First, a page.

UK government's cultural test for tax breaks revealed, then thoroughly mocked by Twitter
As part of the draft Finance Bill for 2013, the UK government have unveiled the cultural test that games will have to pass in order to be eligible for a tax break. Games must receive 16 points from a selection of criteria, including how much of the game is set in Britain, how many of the main characters are British and whether the majority of development is taking place in the UK.
The exact distribution of points is expectedly convoluted. For example, four points are up for grabs if 75% of a game is set in the UK or another EEA state, scaling down to one point for only 25% set in the UK, EEA or an "undetermined location". Develop have helpfully listed the relevant passages from the 1074 page government document.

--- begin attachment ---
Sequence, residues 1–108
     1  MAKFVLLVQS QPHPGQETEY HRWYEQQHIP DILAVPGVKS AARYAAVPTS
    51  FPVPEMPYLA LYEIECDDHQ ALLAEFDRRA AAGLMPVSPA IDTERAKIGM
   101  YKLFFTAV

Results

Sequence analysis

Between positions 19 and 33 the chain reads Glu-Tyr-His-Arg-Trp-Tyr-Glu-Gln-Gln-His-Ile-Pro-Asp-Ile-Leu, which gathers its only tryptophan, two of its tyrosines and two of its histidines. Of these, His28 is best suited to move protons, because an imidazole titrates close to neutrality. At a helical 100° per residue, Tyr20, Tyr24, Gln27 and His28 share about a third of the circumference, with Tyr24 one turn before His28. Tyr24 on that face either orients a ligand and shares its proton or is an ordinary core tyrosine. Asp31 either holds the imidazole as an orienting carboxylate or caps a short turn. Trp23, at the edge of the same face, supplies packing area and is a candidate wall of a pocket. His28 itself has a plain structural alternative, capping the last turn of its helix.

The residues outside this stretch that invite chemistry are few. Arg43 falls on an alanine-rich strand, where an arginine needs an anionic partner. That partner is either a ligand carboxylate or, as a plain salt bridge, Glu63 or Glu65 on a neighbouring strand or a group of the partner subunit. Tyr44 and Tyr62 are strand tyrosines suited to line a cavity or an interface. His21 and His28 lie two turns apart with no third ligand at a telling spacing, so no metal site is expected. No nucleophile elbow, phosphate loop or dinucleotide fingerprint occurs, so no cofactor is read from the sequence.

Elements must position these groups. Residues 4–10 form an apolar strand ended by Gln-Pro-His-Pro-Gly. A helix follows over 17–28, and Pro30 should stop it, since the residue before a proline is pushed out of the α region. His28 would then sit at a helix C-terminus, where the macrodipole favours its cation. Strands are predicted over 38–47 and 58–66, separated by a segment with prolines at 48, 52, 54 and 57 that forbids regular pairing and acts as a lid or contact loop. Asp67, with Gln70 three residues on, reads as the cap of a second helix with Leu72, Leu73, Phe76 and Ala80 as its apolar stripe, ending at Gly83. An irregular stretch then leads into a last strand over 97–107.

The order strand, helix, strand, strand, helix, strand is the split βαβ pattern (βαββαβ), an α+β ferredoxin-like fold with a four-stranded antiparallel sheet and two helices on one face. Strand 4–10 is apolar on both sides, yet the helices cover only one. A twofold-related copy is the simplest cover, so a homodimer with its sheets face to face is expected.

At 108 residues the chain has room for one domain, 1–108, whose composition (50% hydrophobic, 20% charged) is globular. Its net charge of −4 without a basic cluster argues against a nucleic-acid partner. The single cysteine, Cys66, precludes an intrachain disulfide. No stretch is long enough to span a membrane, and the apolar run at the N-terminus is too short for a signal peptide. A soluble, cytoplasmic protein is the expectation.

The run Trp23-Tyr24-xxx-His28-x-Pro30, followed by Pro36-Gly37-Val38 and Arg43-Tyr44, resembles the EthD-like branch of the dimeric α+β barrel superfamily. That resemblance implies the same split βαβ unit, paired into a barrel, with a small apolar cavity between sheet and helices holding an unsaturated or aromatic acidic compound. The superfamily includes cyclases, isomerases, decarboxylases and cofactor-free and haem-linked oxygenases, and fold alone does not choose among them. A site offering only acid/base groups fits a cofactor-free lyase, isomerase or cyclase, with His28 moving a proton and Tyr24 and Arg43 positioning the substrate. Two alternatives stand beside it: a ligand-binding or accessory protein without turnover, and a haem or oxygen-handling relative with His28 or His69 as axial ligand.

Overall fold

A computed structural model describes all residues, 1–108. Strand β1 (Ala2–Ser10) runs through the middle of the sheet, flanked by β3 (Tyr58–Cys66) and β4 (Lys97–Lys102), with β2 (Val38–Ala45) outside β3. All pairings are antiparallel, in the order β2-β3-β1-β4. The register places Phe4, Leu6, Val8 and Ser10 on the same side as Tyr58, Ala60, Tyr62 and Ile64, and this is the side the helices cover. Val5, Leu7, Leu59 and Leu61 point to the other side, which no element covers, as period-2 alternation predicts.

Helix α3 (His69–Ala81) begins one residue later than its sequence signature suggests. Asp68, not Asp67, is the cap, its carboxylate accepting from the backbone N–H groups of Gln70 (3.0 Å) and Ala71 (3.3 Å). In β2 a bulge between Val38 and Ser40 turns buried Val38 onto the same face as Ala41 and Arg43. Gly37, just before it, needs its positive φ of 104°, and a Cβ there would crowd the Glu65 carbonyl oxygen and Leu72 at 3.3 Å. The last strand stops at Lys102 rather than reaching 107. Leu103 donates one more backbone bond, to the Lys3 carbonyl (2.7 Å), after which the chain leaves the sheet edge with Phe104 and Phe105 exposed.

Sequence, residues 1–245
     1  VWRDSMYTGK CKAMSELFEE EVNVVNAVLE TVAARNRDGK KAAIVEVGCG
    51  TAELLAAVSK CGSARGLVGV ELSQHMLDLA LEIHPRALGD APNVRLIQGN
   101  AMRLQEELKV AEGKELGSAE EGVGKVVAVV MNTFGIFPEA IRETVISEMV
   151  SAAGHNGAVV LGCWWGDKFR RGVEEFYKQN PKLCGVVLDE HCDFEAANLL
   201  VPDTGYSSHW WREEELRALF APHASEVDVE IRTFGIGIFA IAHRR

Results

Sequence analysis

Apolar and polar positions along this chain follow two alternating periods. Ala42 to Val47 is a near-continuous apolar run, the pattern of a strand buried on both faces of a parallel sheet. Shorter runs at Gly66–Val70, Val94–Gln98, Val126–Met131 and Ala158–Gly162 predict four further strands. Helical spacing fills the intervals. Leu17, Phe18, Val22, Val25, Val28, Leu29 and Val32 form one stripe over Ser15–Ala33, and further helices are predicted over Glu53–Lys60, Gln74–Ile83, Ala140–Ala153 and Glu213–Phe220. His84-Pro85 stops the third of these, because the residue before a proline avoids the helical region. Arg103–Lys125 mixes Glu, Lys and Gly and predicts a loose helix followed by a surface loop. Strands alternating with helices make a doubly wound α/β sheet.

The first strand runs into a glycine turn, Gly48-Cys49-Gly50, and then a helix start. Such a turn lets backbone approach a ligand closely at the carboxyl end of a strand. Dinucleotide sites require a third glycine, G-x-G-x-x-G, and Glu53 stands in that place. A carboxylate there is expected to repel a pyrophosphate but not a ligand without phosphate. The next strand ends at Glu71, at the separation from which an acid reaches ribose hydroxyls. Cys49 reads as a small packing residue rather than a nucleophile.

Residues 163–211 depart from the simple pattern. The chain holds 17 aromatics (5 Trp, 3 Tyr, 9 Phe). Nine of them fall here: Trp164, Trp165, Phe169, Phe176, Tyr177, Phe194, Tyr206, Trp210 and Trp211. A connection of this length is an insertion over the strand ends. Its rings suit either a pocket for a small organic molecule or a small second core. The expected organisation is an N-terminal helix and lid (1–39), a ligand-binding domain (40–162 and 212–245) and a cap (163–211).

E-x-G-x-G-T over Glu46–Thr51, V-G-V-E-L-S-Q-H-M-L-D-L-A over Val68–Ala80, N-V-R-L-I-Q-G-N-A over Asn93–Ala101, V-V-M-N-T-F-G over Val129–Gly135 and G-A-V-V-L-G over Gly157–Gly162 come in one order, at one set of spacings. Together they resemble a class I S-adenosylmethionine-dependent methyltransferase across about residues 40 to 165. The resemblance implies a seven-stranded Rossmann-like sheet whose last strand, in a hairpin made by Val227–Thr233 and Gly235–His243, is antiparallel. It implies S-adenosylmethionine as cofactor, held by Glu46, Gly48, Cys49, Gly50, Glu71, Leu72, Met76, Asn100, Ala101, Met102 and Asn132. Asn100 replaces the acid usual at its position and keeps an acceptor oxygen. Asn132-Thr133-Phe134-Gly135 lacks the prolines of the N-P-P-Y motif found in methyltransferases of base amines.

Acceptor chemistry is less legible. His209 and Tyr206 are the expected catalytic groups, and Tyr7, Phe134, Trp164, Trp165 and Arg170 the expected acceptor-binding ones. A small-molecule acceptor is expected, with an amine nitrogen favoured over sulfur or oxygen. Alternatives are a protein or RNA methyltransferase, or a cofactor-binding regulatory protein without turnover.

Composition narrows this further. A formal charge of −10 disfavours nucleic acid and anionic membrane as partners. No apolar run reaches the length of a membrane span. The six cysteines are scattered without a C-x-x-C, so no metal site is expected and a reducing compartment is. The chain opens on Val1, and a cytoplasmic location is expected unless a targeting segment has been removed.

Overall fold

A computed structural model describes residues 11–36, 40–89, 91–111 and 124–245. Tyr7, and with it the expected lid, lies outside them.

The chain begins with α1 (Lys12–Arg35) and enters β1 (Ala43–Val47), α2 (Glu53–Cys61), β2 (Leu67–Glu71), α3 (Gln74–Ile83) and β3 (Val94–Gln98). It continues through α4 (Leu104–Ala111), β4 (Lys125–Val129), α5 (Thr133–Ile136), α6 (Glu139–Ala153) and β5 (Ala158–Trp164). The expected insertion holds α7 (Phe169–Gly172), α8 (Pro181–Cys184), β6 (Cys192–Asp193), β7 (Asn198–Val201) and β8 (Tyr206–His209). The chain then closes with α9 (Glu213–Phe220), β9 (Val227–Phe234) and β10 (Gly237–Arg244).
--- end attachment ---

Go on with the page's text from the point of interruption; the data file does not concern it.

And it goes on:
It's all rather bizarre and arbitrary, and in some circumstances unhelpfully unspecific. Four points are earmarked for "a British story or a story which relates to an EEA state," while a further four depend on "the percentage of the original dialogue that is recorded in the English language or in a recognised regional or minority language." Whatever that means.
Furthermore, four points can be awarded "in respect of the contribution of the video game to the promotion, development and enhancement of British culture." That means if a game includes tea and crumpets, right?
The silver lining to the dark cloud of clueless legislation is the spawning of the #UKTaxExemptGames hashtag, offering Brit-based puns on popular games. It's still early, but Sive Five's Dan Marshall has made my current favourite entry with Grimsby Fandango.